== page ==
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Luring skilled workers back to Dubai

Luring skilled workers back to Dubai

Christo Daniels, Marketing Manager of Morgan McKinley UAE, says Dubai may well be back – but more work is needed if it’s to attract top talent again.

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November 29, 2010 5:02 by



“We are back, of course we are back” were the words of Dubai ruler Sheikh Mohammed Bin Rashid Al Maktoum. And because Dubai World has restructured, bonds have been sold and the IMF is more upbeat about its future, our ruler is right: Dubai is getting back on track and knows where it is heading.

But how much of the international talent that left during the recession are coming back? And of those looking at pastures new, how many are considering Dubai?

I know that Dubai is making every effort to market the emirate as a place of opportunity. Indeed, Dubai has commissioned an international campaign called “In Dubai Everyday is an Opportunity” – which says it all.

However, we must all shoulder the responsibility to put Dubai back on the map as a serious financial capital. Morgan McKinley Middle East, which was formerly known as iQ selection, has been operating in the region for 13 years and over the last two it has been obvious how many ex-pats have left Dubai, willingly or otherwise. But as Dubai and Abu Dhabi return to growth and resume their twenty- and thirty-year visions, how is the void being plugged? And is it even a problem for foreign firms that have traditionally had a multi-cultural work force? Or are they now enjoying a more streamlined operation?

Morgan McKinley was keen to find some answers so we have been going through a process of qualitative consultation with our clients to understand how much they are relying on recruiting internationally, to what extent this process happens internally or whether they are examining the job market that already exists in the Middle East.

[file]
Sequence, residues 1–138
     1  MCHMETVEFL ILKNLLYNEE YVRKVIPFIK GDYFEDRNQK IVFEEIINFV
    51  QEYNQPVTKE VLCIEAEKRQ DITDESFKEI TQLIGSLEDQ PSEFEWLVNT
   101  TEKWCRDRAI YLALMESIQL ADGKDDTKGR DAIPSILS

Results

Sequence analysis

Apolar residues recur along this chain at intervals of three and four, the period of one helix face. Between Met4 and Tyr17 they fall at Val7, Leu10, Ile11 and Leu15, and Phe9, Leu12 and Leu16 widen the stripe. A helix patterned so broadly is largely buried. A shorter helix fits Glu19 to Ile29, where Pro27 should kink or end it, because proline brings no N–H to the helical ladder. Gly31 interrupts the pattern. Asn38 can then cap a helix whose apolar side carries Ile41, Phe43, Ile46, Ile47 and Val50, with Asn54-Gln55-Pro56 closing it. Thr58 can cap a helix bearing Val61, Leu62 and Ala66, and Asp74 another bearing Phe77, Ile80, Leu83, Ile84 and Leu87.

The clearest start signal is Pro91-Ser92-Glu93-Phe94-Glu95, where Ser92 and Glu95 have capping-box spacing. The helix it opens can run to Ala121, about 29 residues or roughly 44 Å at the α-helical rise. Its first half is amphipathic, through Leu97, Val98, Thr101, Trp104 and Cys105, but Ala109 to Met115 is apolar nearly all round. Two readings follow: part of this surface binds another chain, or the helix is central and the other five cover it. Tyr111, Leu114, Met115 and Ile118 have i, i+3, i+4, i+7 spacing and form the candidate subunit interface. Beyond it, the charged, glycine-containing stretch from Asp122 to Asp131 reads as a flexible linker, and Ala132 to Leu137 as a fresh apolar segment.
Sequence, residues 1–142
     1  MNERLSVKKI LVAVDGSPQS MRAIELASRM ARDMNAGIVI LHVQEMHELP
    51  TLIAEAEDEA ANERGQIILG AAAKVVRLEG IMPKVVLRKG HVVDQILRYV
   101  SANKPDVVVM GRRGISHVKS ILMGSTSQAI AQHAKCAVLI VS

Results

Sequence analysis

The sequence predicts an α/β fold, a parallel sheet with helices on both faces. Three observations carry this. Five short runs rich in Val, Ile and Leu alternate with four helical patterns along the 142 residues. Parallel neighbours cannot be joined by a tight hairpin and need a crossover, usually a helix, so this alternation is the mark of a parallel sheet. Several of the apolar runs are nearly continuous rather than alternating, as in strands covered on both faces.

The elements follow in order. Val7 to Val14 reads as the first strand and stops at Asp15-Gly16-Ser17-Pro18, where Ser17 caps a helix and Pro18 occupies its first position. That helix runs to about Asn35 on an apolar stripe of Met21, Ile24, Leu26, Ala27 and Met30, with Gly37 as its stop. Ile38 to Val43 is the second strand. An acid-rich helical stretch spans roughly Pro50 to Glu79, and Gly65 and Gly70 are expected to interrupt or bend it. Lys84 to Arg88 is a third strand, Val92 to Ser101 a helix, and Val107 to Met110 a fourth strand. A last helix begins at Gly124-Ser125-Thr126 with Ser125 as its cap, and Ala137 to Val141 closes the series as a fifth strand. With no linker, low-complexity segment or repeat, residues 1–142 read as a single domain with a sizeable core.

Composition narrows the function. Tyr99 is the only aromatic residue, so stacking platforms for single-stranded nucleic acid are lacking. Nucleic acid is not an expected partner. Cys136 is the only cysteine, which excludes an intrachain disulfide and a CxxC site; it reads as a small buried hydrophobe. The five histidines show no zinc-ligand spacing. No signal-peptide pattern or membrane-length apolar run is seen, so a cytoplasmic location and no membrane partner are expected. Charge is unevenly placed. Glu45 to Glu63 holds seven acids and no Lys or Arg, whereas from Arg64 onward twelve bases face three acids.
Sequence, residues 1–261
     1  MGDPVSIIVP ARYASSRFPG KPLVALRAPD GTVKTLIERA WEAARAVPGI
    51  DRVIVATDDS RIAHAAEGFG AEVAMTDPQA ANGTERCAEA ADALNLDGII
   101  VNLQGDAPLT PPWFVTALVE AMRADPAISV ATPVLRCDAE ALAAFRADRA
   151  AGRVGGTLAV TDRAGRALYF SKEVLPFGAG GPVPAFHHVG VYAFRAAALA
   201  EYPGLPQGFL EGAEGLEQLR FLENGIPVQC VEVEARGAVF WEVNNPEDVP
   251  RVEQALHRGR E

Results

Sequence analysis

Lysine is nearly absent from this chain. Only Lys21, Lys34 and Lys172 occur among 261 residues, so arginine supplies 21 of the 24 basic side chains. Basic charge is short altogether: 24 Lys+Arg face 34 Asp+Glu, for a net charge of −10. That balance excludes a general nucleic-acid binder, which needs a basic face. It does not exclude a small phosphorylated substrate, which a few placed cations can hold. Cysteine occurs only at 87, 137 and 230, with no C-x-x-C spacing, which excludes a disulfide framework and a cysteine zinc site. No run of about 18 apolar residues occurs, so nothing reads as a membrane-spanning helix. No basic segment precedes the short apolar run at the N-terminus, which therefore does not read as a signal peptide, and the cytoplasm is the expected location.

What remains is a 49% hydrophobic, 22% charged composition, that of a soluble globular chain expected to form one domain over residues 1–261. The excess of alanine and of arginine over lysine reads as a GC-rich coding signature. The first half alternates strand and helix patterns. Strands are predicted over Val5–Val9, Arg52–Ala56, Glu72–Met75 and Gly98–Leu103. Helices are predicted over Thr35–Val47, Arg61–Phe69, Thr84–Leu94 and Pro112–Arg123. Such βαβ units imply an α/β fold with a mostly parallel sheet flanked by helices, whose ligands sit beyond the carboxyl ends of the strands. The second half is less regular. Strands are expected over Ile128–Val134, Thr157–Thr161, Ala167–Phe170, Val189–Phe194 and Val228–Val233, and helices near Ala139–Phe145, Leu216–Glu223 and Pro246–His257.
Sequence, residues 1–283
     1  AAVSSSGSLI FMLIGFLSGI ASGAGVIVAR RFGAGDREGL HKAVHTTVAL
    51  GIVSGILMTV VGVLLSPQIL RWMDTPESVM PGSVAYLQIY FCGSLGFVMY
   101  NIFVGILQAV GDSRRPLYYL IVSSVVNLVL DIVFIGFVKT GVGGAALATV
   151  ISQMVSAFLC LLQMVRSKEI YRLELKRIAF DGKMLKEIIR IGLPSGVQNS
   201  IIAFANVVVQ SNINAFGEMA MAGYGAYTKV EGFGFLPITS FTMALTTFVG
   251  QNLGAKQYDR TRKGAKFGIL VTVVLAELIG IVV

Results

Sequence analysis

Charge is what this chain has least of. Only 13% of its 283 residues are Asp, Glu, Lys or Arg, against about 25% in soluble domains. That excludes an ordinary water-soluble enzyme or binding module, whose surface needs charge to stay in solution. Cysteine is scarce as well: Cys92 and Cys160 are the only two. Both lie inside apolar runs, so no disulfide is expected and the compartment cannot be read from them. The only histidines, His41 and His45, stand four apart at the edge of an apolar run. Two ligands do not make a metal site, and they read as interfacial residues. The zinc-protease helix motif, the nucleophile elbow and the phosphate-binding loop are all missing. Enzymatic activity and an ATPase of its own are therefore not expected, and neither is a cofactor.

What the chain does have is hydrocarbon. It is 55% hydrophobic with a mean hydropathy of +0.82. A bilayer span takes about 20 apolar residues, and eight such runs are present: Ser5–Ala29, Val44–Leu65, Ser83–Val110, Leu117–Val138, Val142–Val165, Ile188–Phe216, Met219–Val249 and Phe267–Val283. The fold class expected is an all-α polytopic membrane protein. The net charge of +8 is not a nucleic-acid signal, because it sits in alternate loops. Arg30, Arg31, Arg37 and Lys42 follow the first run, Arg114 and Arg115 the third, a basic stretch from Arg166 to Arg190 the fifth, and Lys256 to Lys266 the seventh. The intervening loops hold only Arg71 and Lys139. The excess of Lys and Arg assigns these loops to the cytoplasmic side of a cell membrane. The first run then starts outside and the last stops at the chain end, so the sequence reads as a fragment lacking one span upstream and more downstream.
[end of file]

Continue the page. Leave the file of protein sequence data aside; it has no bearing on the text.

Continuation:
The general consensus of our report is that a company is only as good as its people and so it does not matter where new recruits come from, providing they can excel in their new role. For example, David Clouston is Head of Sales for Kellogg’s and he told us that: “Kellogg’s has recruited both local and international talent, balancing local experience with that of best practice found abroad. This has greatly facilitated the successful growth of our business in the region.”



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1 Comment

  1. mrn on December 9, 2010 3:12 pm

    I am sure at the skilled groups from the Indian subcontinent will not come to Dubai as opportunities are aplenty and salaries have also jumped up with the growth rate. Dubai will have to market itself bit more transparently. With changes occuring rapidly in the spending habits of the common man in dubai and the market getting more realistic to evaluate the salary and the tax free nature of the economy… the penalties fines alone cant keep an economy running.
    Let us wish good for Dubai in the future.

     

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